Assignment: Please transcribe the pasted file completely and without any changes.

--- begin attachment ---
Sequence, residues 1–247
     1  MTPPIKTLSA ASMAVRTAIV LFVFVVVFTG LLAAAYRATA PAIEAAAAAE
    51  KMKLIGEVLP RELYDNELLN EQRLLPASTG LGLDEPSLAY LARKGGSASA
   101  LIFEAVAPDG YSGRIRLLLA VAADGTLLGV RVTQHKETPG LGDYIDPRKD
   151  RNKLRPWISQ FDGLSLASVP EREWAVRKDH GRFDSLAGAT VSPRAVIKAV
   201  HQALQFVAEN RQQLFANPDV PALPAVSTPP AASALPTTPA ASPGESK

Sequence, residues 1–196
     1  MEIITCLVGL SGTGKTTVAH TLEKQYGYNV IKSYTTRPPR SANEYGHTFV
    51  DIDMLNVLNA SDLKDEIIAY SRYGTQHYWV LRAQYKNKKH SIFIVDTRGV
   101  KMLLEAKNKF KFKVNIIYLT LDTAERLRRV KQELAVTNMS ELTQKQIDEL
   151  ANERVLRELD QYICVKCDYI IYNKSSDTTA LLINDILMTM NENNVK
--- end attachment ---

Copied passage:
Sequence, residues 1–247
     1  MTPPIKTLSA ASMAVRTAIV LFVFVVVFTG LLAAAYRATA PAIEAAAAAE
    51  KMKLIGEVLP RELYDNELLN EQRLLPASTG LGLDEPSLAY LARKGGSASA
   101  LIFEAVAPDG YSGRIRLLLA VAADGTLLGV RVTQHKETPG LGDYIDPRKD
   151  RNKLRPWISQ FDGLSLASVP EREWAVRKDH GRFDSLAGAT VSPRAVIKAV
   201  HQALQFVAEN RQQLFANPDV PALPAVSTPP AASALPTTPA ASPGESK

Sequence, residues 1–196
     1  MEIITCLVGL SGTGKTTVAH TLEKQYGYNV IKSYTTRPPR SANEYGHTFV
    51  DIDMLNVLNA SDLKDEIIAY SRYGTQHYWV LRAQYKNKKH SIFIVDTRGV
   101  KMLLEAKNKF KFKVNIIYLT LDTAERLRRV KQELAVTNMS ELTQKQIDEL
   151  ANERVLRELD QYICVKCDYI IYNKSSDTTA LLINDILMTM NENNVK